HENRY LOWE RECEIVES ANOTHER U.S. PATENT FOR CANCER TREATMENT
Dr. Henry Lowe, Jamaican scientist and cancer researcher, was granted a fourth patent from the United States Patent Office. The patent involves a prostate cancer treatment based on compounds derived from the extract of Ball Moss, an indigenous Jamaican plant that is also known as Old Man’s Beard. Dr. Lowe and his team of researchers have been working with the plant for about ten years. Dr. Lowe also signed a licensing agreement with the University of Maryland Ventures that allows his company, Educational and Scientific LLC exclusive rights to license its interest in the development of a molecule with anti-cancer properties for commercial use. The molecule was discovered jointly by Lowe’s firm and the University of Maryland, Baltimore and has the potential for treating lung cancer, pancreatic cancer, prostate cancer, and Non-Hodgkin’s lymphoma.
JAMAICA MADE STRIDES IN EXPLOITING MARKET FOR MEDICAL TOURISM
An agreement between the Inter-American Accreditation Cooperation and the Jamaica National Agency for Accreditation (JANAAC) enhanced the nation’s potential for success in the medical tourism market. Under the agreement, JANAAC connections with the International Laboratory Accreditation Cooperation (ILAC) will now include medical laboratory accreditation under the International Standardization Organization (ISO) Standard 15189. This permits use and acceptance of accredited medical test data and test results worldwide, which in turn give Jamaica greater recognition of the quality and reliability of its medical facilities.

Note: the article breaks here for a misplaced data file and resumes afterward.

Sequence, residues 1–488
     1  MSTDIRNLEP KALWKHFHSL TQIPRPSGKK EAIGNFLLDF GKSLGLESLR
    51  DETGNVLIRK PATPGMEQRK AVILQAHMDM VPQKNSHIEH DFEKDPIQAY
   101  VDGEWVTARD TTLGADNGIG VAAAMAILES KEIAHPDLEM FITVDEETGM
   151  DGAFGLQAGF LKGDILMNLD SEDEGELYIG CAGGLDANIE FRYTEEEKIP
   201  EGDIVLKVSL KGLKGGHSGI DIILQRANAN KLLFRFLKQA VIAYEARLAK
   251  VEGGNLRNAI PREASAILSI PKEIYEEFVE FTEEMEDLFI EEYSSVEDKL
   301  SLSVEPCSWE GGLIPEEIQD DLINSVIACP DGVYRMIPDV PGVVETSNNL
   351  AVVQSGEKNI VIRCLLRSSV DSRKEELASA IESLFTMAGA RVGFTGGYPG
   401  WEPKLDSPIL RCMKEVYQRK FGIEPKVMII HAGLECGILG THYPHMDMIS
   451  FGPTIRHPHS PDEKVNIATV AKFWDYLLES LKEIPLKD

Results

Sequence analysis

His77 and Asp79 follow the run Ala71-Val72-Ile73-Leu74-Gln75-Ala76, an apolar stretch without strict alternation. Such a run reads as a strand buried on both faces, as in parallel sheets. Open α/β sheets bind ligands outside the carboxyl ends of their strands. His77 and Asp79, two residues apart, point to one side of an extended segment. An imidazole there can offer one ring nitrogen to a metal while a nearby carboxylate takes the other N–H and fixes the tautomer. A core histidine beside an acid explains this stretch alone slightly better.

LARGE INVESTMENT IN JAMAICAN HIGHWAY JUST THE START FOR CHINA
The highway connecting north and south Jamaica is the largest investment yet made by China in the Caribbean, and experts believe it signals more investments to come. Dubbed the “Beijing Highway,” it will be over 41 miles long and feature luxury hotels all along the way. Built at a cost of $600 million, the highway indicates that China is a major force in regional investment. The highway is meant to reduce travel time between Ocho Rios and Kingston from almost two hours to just 50 minutes.
PAY GAP BETWEEN MEN AND WOMEN IN JAMAICA INCREASES
The Global Gender Gap Report for 2015 found that women in Jamaica receive 60 percent of the pay provided to men. For every $100 received by a male worker in Jamaica, a woman receives just $60. Jamaica ranked 65th among the 145 nations included in the report, one of the worst rankings in the Caribbean. Average annual pay for women in Jamaica totaled US$6,730 (J$800,880), compared to US$11,109 (J$1.3 million) for men.
JAMAICA’S STOCK EXCHANGE SURGES OVER 80 PERCENT
The Jamaica Stock Exchange (JSE) showed gains of more than 80 percent in 2015. In spite of IMF restrictions, individual and institutional investors were not deterred from putting money into local stocks during 2015. The block trades of just four companies on the JSE totaled nearly $1 billion in a single week of trading. Vice-president of investor relations at the Bank of New York Mellon Carl Bennett said he was “really impressed” with the ability of the JSE to attract capital to the market, making special mention of the measures implemented to fight insider trading and manipulation of the market.